#auburnarchitecture

Six Trees in the Ground, Seven More To Go

Dr.Dprsey and PHF fellows cleanign bricks

On a Saturday morning, the Greensboro Fellows, Dr. Dorsey, and several community members came to the courtyard site to help clean bricks! Together they cleaned about three-quarters of a pallet (roughly 350) worth of bricks. Thank you, Fellows and Dr. Dorsey, it was a great help!

Concrete Pour

Formwork pre-concrete pour

The team finished the formwork, secured the rebar mesh, and taped over the formwork spacers and screws. The slab under the walkway is divided into rectangular pavers, which follow the grid system of the rest of the courtyard, and allow two-inch gaps that correspond with screen and grate placement. This week with the help of contractor, Clyde Fields, the team poured concrete!

Cured concrete before formwork was removed

While waiting for the new trees to be delivered, we began removing the formwork! To make prying the forms out easier, longer pieces of formwork were created at the edges of each rectangular slab piece, with spacers every foot or so.

Crepe Myrtles Arrived!

Thirteen beautiful, single trunk, Natchez Crepe Myrtles arrived on site on a cloudy Thursday morning. The team unloaded all of the trees with the help of 3rd-year students, Mason, and the Bobcat. The trees have grown taller since being tagged at a nursery in northern Alabama! The caliper, or width of the tree trunk, ranges between three and four inches wide. The bottom of the tree canopy is at least six to seven feet tall, allowing people to comfortably wander beneath the canopy.

That Friday morning we, along with 3rd-years and Mason, excavated holes for the first two trees. Considering the size of the site, the trees needed to be planted two at a time before the following holes could be augured. David Hill, AU professor of landscape architecture, arrived to advise and help plant the Crepe Myrtles. The 3rd and 5th-years helped us plant the first six trees! A huge shout out to David for coming from Auburn to assist planting the first half of the new courtyard trees.

Batter up at Horseshoe Courtyard!

Horseshoe Courtyard

This week at Horseshoe Courtyard, 3rd-years were able to help Claudia and Caleb finish up formwork for the long-awaited concrete pour in the sidewalk and stage area! These will ensure that the concrete path is the exact shape, height, and size that Claudia and Caleb have planned out.  Students also worked to set up batter boards to help keep the future placement of trees aligned. Next week, when the Crepe Myrtles will be delivered, strings, pulled taught across the site attached to the batter boards, will tell us exactly where each tree needs to be placed.

Twin puppies from the area decided to come check out what was happening on site. The sweet pups were quickly returned home, but the brief visit was a wonderful way to start the day.

Studio, Shop, and History

During Studio this week, students continued to work on drawing detailed construction documents for 20K Ophelia’s Home. They worked with Emily and Chelsea to learn about wall sections and layers and how to address openings in the building envelope. The 3rd-years have also been continuing to work diligently on their cutting boards for shop class where they are becoming more empowered to used power tools correctly and safely. They were able to visit Folsom Farm with history professor, Dick Hudgens, at the start of the week. At the farm, they saw the many outbuildings farmers used in the early 1800s, and the details necessary for each structure.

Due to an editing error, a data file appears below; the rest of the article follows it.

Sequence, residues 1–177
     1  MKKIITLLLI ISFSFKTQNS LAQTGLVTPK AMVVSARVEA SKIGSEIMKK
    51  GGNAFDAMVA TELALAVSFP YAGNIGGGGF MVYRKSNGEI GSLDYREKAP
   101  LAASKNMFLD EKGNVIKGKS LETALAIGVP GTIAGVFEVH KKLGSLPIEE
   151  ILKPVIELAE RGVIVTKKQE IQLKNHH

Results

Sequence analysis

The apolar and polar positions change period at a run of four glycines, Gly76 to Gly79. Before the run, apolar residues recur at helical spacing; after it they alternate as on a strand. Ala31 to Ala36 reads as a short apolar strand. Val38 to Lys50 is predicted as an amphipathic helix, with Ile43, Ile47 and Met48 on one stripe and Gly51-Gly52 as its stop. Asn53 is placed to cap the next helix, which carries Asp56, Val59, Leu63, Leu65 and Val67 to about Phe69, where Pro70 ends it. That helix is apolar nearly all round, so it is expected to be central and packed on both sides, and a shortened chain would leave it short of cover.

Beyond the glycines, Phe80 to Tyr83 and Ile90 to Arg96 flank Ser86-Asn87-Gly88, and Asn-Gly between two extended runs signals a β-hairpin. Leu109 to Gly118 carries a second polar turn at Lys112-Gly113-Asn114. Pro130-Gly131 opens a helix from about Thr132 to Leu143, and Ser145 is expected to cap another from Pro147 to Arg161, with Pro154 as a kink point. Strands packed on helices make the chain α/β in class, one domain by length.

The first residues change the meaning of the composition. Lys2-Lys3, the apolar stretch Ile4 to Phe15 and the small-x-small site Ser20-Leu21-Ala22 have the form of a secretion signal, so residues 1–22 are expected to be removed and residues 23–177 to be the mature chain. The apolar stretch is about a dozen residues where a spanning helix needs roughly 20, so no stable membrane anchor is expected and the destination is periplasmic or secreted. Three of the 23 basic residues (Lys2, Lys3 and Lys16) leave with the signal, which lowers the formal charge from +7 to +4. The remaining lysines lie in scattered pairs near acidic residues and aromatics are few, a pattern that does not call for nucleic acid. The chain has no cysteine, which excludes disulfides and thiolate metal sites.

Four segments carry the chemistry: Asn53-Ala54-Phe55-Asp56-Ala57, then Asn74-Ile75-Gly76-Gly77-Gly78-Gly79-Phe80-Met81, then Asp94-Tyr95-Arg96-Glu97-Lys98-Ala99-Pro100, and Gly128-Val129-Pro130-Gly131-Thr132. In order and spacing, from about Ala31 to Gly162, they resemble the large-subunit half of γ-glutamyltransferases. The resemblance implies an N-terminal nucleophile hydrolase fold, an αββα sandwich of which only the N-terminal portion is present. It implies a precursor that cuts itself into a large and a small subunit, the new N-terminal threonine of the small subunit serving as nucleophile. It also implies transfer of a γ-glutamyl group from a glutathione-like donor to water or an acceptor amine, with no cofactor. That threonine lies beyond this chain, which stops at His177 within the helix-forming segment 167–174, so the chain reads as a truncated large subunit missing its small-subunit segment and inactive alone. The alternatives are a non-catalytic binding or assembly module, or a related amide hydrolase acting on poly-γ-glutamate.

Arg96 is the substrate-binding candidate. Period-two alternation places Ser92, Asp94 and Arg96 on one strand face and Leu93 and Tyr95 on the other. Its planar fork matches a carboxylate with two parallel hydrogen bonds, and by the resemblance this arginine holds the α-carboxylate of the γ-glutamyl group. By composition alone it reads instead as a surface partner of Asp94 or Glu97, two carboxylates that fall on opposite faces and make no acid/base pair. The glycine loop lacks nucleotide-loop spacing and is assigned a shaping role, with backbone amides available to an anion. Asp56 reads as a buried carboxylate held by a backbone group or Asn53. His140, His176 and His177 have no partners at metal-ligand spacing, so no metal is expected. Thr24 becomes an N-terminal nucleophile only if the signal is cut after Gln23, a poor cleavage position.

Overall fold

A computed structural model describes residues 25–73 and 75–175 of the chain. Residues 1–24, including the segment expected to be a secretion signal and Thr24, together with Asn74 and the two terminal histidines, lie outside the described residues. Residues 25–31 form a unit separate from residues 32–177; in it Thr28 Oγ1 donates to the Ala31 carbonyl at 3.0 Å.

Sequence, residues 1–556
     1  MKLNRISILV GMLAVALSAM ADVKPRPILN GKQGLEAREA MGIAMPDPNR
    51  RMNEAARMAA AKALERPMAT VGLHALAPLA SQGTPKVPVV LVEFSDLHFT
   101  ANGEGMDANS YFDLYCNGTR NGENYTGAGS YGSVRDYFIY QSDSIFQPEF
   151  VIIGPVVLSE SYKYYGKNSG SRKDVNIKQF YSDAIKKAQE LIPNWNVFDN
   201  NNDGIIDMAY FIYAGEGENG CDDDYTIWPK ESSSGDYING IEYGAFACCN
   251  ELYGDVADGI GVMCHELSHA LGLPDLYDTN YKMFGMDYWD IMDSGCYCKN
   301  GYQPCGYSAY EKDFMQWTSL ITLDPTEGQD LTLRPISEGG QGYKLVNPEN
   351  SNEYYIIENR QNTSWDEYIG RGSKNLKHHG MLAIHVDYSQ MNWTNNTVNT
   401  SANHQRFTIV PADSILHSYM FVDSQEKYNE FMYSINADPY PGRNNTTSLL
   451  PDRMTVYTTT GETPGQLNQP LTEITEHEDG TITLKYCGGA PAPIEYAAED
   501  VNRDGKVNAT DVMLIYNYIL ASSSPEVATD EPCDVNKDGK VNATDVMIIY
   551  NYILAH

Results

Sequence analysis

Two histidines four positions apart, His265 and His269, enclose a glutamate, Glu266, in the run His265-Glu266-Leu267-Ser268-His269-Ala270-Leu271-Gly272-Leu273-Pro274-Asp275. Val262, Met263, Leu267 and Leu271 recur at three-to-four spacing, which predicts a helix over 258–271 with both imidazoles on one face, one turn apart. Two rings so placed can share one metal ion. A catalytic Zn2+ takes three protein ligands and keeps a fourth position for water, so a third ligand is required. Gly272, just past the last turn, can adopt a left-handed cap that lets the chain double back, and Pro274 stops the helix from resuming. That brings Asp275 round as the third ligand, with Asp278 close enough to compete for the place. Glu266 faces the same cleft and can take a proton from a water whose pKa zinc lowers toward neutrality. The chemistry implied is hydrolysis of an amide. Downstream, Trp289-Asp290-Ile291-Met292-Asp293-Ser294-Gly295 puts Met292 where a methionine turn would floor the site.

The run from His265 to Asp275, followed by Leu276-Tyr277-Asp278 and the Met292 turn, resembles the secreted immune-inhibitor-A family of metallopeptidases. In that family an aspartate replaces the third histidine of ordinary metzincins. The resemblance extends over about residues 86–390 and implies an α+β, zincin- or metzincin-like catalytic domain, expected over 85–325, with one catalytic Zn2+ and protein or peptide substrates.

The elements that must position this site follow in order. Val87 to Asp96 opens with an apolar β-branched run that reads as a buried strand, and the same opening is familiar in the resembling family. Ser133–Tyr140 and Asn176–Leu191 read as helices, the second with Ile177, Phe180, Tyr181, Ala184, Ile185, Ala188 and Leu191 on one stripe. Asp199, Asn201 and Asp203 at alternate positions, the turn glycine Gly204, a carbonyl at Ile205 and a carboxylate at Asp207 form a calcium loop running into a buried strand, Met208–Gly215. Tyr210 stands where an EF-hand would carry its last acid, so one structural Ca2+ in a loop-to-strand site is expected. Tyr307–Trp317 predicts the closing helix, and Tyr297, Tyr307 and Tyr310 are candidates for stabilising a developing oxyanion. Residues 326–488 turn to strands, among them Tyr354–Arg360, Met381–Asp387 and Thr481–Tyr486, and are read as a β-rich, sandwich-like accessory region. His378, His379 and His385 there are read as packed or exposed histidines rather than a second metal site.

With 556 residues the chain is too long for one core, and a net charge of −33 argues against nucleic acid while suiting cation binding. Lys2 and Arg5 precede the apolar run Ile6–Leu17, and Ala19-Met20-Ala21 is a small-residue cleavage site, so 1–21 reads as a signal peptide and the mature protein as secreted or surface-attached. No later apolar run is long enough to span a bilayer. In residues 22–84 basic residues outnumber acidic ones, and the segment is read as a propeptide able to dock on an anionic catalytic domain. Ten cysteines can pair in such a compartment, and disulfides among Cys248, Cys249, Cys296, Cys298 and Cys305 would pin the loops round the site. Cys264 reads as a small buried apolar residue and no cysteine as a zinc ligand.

Perry Lakes Park

Despite some early ending workdays due to rain last week, 3rd-years returned to Perry Lakes Park this week to continue work on the projects started in the prior week. While there are a few more projects at Perry Lakes Park to be completed, the walkways to the Birding Tower and the tower itself were the main subject of repair.

More Bricks, Dirt, and Concrete Prep!

The team and assisting students took a trip to Fuller’s Building Supply, in Selma, AL, to re-stack 3,000 bricks! Said bricks had been purchased by the courtyard team a little over a year ago. Due to the pallets sitting outdoors for so long, they started to deteriorate and eventually rotted away. For one day, a crew of five sorted through the broken and whole bricks, and re-stacked them according to brick color on new pallets. Once the bricks were delivered to the site, the cleaning process began! Similarly to the previously found bricks, these have been scrapped of remaining mortar.

Curb formwork removal

Before the site was graded, the students removed the formwork of the concrete curb from the previous week’s pour. They also created a temporary boundary box to retain gravel or dirt from covering the curb and the grinder pump lid.

Grading the site

Batter boards used to indicate edge of gravel underlay
Image of whole site after grading work finished

In order to proceed with construction, the ground needed to be re-leveled. Certain areas of the site needed to come up four or so inches and others needed dirt removed. Tyler, who had previously helped the team with excavation work, returned with his mini-excavator and got the job done in one day. Caleb, Claudia, and 3rd-year students assisted with hand tamping and moving dirt by hand in areas the larger equipment could not reach. About fifty tons or two tandem trucks worth of dirt was utilized to grade the site. And about twenty-five tons of gravel was brought in as an underlay for the brick pad.

Cleaning up the alley